Sr. Jeannine Gramick’s visit to Colby College in Waterville, Maine, last week, prompted criticism from the school’s Catholic chaplain and a larger conversation on LGBT justice for the campus.
According to the Office of Religious and Spiritual Life, Sr. Gramick, co-founder of New Ways Ministry and a longtime Catholic advocate for LGBT peopel, was keynoting a weeklong Pride celebration on campus by talking about “Signs of Hope for LGBT Ministry” in an event co-sponsored by student organizations, interfaith groups, and the Religious Studies department. Yet, Colby’s Newman Center chaplain had a negative reaction to the visit. Julianna Haubner, co-editor of campus’ newspaper The Colby Echo, reported what happened when she attended Easter Sunday Mass at the Newman Center:
“It was a lovely way to spend an afternoon. Until, that is, the last three minutes of the service, when the campus minster and priest announced that this week was Pride Week, and that Sister Jeannine Gramick, a controversial figure, was slated to be the Keynote speaker. They reminded us that Sister Gramick did not speak for the Church, and that if we wanted to hear about the Catholic perspective on ‘same-sex attraction,’ we could meet in the Pugh Center for an event with the Newman Council; I find it only mildly ironic that this was said immediately after another announcement that thanked students for coming, and informed them that the campus ministry was always available for support and guidance in our individual spiritual journeys and relationships with God. A couple of students looked around with discomfort. Another walked out. All I could think was: you were so close. So close to having one Mass that didn’t get political. But, there it was, and here I am.”
In the campus newspaper essay, Haubner, who identifies as an active Catholic, believes the campus minister’s negative comments will alienate students, an experience she herself had:
“I was not taught to discriminate, neither by my parents nor by the people in my congregation…I have a really hard time believing that someone who went up on a cross for three days to suffer and die for us would be okay with someone standing in his name, denouncing others who may have come to pay tribute to that sacrifice. But that’s just me…
“For a split second this Sunday, I thought that even after an hour of praying, singing and receiving communion, I didn’t belong in that chapel because I didn’t agree with one statement that lasted less than a minute. And when I got home, what did I tell my roommates—and later my parents? Not about the nice feeling of being back in church, of having a friend come with me, or of finally feeling connected again to the faith I’ve been raised in; I bitched for 10 minutes about how they had been so close, and blew it.”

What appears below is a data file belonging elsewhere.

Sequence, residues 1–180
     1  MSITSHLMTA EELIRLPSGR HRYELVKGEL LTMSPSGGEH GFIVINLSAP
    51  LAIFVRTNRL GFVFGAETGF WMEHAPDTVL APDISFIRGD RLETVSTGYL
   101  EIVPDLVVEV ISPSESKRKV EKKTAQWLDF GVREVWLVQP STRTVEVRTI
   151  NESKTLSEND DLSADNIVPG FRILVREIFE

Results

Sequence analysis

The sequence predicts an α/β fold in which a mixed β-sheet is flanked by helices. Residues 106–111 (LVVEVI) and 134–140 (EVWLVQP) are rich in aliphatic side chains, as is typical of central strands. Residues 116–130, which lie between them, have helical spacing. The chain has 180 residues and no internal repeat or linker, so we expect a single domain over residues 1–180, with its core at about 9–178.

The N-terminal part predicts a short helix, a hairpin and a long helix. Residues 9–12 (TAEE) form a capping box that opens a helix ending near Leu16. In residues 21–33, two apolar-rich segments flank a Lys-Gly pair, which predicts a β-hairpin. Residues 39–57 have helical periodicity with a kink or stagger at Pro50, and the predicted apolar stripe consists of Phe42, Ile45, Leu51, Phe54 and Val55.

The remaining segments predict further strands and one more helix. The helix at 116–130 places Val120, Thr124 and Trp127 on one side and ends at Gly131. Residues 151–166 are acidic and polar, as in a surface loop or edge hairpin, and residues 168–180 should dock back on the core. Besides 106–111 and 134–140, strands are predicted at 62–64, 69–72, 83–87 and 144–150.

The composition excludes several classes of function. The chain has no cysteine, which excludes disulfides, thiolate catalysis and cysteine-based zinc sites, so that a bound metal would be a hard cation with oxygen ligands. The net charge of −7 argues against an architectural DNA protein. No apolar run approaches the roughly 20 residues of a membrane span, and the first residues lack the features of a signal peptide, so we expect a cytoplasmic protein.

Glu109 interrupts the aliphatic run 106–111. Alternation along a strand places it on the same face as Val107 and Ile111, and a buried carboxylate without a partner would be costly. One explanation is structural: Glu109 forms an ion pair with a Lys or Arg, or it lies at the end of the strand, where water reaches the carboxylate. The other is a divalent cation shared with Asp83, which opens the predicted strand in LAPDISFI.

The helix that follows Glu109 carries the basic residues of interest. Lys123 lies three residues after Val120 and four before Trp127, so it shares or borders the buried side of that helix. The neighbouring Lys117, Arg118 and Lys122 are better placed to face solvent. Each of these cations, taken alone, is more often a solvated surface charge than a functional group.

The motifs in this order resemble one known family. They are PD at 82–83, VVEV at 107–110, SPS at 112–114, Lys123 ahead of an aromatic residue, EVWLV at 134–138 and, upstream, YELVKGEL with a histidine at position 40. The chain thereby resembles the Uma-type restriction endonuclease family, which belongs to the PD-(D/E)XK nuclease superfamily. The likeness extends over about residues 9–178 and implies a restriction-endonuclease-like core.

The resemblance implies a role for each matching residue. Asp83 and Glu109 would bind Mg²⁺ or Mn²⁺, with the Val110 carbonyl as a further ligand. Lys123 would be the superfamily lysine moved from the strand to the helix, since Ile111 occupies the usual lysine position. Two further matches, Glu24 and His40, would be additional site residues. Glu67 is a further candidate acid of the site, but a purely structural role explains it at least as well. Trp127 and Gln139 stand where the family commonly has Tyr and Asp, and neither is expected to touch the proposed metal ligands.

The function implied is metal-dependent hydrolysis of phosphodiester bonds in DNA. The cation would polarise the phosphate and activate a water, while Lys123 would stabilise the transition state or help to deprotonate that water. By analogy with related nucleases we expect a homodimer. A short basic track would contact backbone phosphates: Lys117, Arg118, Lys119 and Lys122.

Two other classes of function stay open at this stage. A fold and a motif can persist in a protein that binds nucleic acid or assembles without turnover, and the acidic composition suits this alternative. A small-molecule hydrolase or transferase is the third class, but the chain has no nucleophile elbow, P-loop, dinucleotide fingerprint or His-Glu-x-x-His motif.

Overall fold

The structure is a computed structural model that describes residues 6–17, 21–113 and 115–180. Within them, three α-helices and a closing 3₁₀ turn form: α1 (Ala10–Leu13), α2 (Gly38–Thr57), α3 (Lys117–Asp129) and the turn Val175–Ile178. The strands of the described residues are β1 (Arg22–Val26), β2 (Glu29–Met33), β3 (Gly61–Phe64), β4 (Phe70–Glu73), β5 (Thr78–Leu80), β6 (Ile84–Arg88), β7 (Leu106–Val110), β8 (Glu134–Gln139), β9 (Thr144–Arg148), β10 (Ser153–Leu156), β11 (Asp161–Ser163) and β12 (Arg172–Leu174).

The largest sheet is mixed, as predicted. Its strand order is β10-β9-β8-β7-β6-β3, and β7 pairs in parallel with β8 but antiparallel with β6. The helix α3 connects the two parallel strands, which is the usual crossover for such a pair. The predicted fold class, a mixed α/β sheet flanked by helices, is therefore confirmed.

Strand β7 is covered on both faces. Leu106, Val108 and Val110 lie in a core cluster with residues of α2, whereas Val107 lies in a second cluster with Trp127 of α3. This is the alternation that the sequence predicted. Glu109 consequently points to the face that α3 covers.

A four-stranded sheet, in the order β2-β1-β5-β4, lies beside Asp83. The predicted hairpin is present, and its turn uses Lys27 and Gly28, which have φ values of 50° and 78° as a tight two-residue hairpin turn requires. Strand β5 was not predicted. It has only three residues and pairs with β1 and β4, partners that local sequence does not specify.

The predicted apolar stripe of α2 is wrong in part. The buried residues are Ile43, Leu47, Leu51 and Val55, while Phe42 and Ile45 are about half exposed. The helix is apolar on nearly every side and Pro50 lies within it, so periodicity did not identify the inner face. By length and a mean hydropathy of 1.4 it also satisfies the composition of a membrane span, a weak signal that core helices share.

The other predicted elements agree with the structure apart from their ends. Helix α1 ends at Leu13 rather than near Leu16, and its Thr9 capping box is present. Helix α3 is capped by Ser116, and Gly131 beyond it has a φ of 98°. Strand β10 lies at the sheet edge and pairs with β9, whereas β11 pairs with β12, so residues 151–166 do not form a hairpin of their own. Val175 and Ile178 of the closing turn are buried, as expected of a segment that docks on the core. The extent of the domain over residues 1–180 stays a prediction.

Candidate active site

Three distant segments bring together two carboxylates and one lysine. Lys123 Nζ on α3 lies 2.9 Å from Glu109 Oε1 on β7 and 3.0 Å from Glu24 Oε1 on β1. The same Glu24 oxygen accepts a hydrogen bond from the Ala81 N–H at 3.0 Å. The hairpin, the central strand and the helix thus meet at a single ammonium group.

Haubner is also concerned that Colby community members are being given a false impression of most Catholics as anti-gay. She cites anti-Catholic Church comments on the campus’ electronic discussion board as evidence of this impression. Haubner asked Colby students to separate how they view other Catholics, or even the Church, from ther comments of campus minister Joshua Houde and chaplain Fr. Paul Marquis.
Haubner was not the only voice joining an emerging conversation at Colby after Sr. Gramick’s visit. In a letter included in the campus’ daily opinion email digest, one student wrote about merging Catholic and gay identities:
“Ever since coming out, I have had a lot of trouble being part of a religion that has spent so much time and money lobbying against my right to love. Despite such internal conflict, I decided to attend Easter Day service at the chapel…before the end of service, both of you, Joshua Houde and Fr. Paul Marquis, decided to take some time to tell everyone not to go to the upcoming pride week keynote speaker, Sister Jeannine Gramick.“I wish I could repeat exactly what was said, but I was filled with such rage and profound hurt that I could barely control myself while walking out…Fr. Marquis reminding us that the church has ‘forbidden’ Sister Jeannine from speaking publicly regarding Catholicism. Forbidden. Silenced. Censored. Simply because she is talking about something the church lectures on weekly: love…I am struggling to understand why you use your positions of power to openly tell an audience of students, professors, and community members not to attend a lecture simply because it conflicts with your own perception of our religion. Acceptance and inclusion are core values of the church, and the longer you hold out against accepting this, the harder it will be for me and many others to regain respect for our church.”